Peter Gammons who, lest we forget, was working the news and rumors beat when Rosenthal and Heyman were watching “Superfriends” in their mammas’ rumpus rooms, has a number of nuggets this early afternoon:
— The Yankees are content to enter spring training with Joba Chamberlain and Phil Hughes ready to work as starting pitchers, slotting in David Robertson and Damaso Marte as Mariano Rivera’s primary setup men. Whether this is (a) the actual strategy; or (b) leverage for a future John Lackey negotiation (“starters? why would we need starters?”) is unclear, but it’s the right choice in my mind. Give those two every conceivable chance to start and don’t pull the plug unless and until they unequivocally fail in the role.
— Contrary to all of the Granderson-Jackson-Cabrera speculation, Tigers’ owner Mike Ilitch simply won’t allow a fire sale. This matches up with my handicapping of the situation last week. It’s easy to react emotionally in the early part of the offseason, but a clear-eyed assessment of the Tigers’ place in the universe right now suggests that they can and will strongly contend for the next few years, and that’s something they should focus on.
— People are questioning Aroldis Chapman’s integrity and character for leaving the agents who “got him out of Cuba.” Um, maybe. But it’s worth remembering that Chapman’s defection was not exactly some harrowing journey at sea. He walked to the lobby of his European hotel and got in a car. There’s always two sides to every story. Do we know what Chapman’s agents promised him on the market? Do we know whether they’ve been honest with him? Do we know if there is some personal animus between the parties? Players leave agents all the time. Sometimes for good reasons, sometimes for bad. If I was interested in Chapman, I’d simply ask the guy what the deal was and go from there.
— Billy Beane is a Killers fan. I’m too old to know if that makes Beane old or not, or cool or not. The last album I bought was a Stax/Volt soul compilation, so I’m a little bit out of the loop with these things.
Alcides Escobar finished with a .292 OBP this year. He came in at .246 in 117 at-bats in August and .257 in 109 at-bats between September and October, so he wasn’t exactly flying high entering the postseason. Still, that didn’t stop Ned Yost from putting him into the leadoff spot for Thursday’s Game 1 against the Astros.
Yost finally did reconsider hitting Escobar first in September. It took Alex Gordon‘s return to health, plus the previous addition of Ben Zobrist to the lineup, in order to make that happen. However, it didn’t stick. Escobar hit ninth in each of his starts from Sept. 7-26, batting .236 with a .276 OBP during that span. With five games left to go, he was suddenly returned to the leadoff spot. The Royals went on to win all five games. Yost saw it as a sign, even though Escobar went 5-for-22 with no walks in those games.
Escobar went 0-for-4 in Thursday’s loss to the Astros. He did not swing at the first pitch of the game, which probably explains the defeat.
It’s been difficult to argue with Yost since last year’s World Series run and this year’s incredible run out of the game. The blind spot with Escobar, though, gets rather infuriating. One can defend hitting him leadoff against the Astros’ lefties. His career OBP against southpaws is .319 (.316 this year). Against righties, he’s the most obvious No. 9 hitter alive, with a career .258/.290/.342 line (.252/.284/.314 this year). He’s not a pace-setter. He’s not a spark plug. He’s a liability.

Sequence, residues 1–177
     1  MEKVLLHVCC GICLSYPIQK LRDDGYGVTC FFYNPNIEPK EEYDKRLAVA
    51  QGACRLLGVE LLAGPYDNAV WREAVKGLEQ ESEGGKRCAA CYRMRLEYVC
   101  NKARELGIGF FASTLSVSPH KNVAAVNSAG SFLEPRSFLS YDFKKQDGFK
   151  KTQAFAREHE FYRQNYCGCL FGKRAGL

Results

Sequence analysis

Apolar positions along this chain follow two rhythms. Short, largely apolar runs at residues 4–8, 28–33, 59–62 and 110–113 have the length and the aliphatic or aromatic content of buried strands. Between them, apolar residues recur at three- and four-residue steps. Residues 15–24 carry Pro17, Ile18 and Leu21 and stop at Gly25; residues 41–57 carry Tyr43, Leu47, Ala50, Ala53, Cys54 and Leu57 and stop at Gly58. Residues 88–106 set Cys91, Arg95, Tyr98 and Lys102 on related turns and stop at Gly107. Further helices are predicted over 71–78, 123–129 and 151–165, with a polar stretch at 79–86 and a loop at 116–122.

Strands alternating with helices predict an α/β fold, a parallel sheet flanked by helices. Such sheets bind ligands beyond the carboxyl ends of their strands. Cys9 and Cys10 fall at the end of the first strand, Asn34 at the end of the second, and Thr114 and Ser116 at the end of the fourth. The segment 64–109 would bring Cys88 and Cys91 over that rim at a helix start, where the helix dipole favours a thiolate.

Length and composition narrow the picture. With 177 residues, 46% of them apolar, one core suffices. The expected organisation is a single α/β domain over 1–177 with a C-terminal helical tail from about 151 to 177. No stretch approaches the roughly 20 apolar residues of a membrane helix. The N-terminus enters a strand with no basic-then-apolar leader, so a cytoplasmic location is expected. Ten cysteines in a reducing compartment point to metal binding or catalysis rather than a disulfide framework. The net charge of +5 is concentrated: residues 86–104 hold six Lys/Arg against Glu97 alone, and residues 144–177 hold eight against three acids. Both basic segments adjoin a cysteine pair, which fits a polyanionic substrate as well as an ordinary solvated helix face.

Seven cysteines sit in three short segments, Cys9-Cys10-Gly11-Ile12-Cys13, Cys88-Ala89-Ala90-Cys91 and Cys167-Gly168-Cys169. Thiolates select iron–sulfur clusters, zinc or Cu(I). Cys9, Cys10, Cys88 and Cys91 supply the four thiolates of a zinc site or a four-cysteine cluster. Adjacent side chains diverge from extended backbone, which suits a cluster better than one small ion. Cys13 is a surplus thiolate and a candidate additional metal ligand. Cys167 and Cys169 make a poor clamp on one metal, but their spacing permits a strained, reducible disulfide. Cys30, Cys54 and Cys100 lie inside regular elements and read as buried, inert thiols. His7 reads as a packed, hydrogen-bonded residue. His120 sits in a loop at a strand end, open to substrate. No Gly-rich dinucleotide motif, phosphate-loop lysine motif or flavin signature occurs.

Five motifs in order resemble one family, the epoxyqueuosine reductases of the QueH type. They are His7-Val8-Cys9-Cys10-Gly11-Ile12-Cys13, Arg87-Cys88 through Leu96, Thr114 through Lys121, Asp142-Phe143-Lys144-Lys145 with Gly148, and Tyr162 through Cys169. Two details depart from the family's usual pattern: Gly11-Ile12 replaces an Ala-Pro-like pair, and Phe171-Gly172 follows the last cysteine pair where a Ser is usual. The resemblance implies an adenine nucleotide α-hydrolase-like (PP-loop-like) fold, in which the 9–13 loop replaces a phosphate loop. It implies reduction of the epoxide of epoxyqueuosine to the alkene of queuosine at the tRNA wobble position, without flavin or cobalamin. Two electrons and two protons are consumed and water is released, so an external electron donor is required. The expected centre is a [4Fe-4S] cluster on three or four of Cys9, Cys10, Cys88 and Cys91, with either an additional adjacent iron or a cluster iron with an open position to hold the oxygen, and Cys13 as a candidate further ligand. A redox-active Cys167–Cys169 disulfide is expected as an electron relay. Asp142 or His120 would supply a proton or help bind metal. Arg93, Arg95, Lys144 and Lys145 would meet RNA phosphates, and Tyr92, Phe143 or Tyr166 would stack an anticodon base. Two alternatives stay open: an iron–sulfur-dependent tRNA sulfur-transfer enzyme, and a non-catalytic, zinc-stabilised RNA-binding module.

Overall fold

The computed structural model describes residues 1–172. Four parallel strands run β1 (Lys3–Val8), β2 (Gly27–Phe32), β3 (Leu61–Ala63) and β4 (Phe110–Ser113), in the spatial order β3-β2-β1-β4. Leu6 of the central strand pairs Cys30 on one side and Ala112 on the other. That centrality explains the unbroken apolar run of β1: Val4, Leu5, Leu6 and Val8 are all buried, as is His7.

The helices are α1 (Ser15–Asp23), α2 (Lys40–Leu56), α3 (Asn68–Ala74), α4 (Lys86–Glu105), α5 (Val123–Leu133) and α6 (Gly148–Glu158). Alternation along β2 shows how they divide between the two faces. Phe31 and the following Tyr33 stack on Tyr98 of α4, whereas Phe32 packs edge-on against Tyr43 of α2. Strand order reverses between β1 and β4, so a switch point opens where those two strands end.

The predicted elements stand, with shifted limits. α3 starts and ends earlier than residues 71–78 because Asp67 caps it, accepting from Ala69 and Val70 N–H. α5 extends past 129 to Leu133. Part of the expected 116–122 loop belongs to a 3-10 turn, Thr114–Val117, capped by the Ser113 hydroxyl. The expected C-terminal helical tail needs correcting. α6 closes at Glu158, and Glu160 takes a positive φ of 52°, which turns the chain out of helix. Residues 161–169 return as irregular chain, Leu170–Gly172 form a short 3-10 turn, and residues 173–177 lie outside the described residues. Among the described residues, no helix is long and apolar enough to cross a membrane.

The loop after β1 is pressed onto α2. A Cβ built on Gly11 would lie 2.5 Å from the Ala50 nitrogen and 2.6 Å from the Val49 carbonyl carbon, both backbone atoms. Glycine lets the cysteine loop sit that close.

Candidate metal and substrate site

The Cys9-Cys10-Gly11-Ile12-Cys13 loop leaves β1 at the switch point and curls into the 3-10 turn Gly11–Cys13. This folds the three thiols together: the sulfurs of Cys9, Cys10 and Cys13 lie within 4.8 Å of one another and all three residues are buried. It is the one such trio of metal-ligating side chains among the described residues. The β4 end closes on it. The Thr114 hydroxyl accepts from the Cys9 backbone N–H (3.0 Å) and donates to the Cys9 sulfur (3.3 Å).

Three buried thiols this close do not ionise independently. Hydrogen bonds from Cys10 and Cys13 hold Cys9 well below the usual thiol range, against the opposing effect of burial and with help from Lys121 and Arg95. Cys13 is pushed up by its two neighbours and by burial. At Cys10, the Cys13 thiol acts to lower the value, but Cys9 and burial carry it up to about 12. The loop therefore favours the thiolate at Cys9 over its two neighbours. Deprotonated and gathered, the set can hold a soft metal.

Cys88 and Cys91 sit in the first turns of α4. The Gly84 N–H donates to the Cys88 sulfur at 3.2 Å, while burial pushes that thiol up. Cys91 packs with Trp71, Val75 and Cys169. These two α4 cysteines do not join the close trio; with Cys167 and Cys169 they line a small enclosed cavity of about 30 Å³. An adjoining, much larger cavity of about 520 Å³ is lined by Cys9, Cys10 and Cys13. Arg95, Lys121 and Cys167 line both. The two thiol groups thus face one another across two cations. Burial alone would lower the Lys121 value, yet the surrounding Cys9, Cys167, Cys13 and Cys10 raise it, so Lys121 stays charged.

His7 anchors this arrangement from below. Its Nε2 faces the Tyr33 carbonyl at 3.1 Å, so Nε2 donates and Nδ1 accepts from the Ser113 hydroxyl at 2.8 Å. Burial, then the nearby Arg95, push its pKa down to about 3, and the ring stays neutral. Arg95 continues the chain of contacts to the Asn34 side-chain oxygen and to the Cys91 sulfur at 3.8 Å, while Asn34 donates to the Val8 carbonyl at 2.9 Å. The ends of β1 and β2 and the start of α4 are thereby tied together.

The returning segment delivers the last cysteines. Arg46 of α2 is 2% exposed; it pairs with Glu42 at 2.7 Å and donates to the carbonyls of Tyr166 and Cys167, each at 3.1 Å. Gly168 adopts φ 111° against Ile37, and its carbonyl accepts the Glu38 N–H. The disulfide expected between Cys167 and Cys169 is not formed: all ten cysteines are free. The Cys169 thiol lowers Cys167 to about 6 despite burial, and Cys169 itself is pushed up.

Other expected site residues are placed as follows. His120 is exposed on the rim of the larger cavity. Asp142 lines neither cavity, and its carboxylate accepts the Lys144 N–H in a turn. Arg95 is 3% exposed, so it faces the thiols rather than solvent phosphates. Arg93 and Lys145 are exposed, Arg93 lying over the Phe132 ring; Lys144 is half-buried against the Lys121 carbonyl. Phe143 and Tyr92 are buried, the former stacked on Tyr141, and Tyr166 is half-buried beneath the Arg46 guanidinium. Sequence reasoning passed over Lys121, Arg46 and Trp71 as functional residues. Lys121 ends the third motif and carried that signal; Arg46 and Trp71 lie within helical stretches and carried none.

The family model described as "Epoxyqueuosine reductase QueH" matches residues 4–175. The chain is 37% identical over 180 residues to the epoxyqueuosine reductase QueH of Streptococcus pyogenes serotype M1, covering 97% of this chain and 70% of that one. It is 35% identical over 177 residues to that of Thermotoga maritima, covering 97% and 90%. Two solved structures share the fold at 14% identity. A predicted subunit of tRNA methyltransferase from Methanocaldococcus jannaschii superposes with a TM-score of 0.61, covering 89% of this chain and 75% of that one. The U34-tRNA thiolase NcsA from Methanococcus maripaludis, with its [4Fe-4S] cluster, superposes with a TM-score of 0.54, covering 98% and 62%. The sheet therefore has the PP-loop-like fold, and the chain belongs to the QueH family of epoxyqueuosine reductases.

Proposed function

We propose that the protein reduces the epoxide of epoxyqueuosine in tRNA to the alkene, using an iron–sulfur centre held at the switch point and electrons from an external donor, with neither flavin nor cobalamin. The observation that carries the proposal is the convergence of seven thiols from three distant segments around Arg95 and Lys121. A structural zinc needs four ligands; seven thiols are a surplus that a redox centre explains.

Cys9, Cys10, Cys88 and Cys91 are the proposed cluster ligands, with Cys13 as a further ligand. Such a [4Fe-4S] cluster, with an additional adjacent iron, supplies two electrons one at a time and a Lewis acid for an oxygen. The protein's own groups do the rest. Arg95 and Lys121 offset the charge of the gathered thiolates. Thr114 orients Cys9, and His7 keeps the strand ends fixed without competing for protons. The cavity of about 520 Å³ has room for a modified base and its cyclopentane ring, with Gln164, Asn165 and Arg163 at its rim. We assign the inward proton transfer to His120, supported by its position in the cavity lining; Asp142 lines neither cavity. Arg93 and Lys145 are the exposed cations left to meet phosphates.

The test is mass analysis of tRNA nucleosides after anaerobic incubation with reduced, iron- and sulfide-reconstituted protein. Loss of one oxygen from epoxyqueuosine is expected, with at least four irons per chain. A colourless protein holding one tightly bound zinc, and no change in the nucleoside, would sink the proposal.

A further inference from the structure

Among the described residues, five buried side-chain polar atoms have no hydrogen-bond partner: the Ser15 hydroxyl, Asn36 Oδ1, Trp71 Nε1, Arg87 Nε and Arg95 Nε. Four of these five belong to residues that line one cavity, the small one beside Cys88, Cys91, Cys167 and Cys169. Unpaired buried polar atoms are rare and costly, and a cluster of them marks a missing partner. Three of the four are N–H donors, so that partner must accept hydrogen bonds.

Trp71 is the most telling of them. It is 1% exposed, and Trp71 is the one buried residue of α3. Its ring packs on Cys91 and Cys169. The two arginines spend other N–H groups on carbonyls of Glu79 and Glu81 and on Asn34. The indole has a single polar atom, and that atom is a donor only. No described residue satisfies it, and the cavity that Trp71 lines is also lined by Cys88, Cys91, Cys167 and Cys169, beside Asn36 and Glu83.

After shutting out the Yankees in the AL Wild Card game on Tuesday, the Astros beat the Royals 5-2 in Game 1 of the ALDS on Thursday at Kauffman Stadium. Road teams are now 4-0 to begin the 2015 postseason.
The Astros grabbed an early 3-0 lead against Yordano Ventura through two innings. Chris Young took over for the Royals after a 47-minute rain delay and was very effective for the most part, allowing just a solo homer to George Springer over four innings while striking out seven batters. Colby Rasmus, who homered in the Wild Card game, took Ryan Madson deep in the eighth inning to give the Astros’ bullpen some extra breathing room.
Collin McHugh stayed in after the rain delay and ended up tossing six innings while allowing just four hits and one walk. Kendrys Morales did all the damage against him with a pair of solo homers. He’s the first Royals player to hit two home runs in a postseason game since George Brett in the 1985 ALCS.
The Royals’ offense showed some signs of life in the bottom of the eighth inning with back-to-back two-out hits against Will Harris, but Oliver Perez got Eric Hosmer to foul out to end the threat. Luke Gregerson tossed a scoreless ninth inning to finish off the victory.
Consistent with their identity during the regular season, the Astros won despite striking out 14 times. The same goes for the Royals, as they struck out just four times. Despite putting the ball into play more often, the Kansas City lineup wasn’t able to muster anything aside from the home runs by Morales.
Game 2 of the ALDS will begin Friday at 3:45 p.m. ET. Scott Kazmir will pitch for the Astros and Johnny Cueto will get the ball for the Royals.
After Kendrys Morales brought the Royals within one run in the bottom of the fourth inning with his second solo home run of the game, George Springer took Chris Young deep in the top of the fifth to extend the Astros’ lead to 4-2 in Game 1 of the ALDS.
According to Statcast, the ball traveled an estimated 422 feet and left Springer’s bat at 109 mph. Royals fans are happy it was just a solo home run. It could have been worse, as Jose Altuve singled to lead off the fifth inning before being thrown out trying to steal second base during Springer’s at-bat.
The Royals will try to answer as we move to the bottom of the fifth inning at Kauffman Stadium.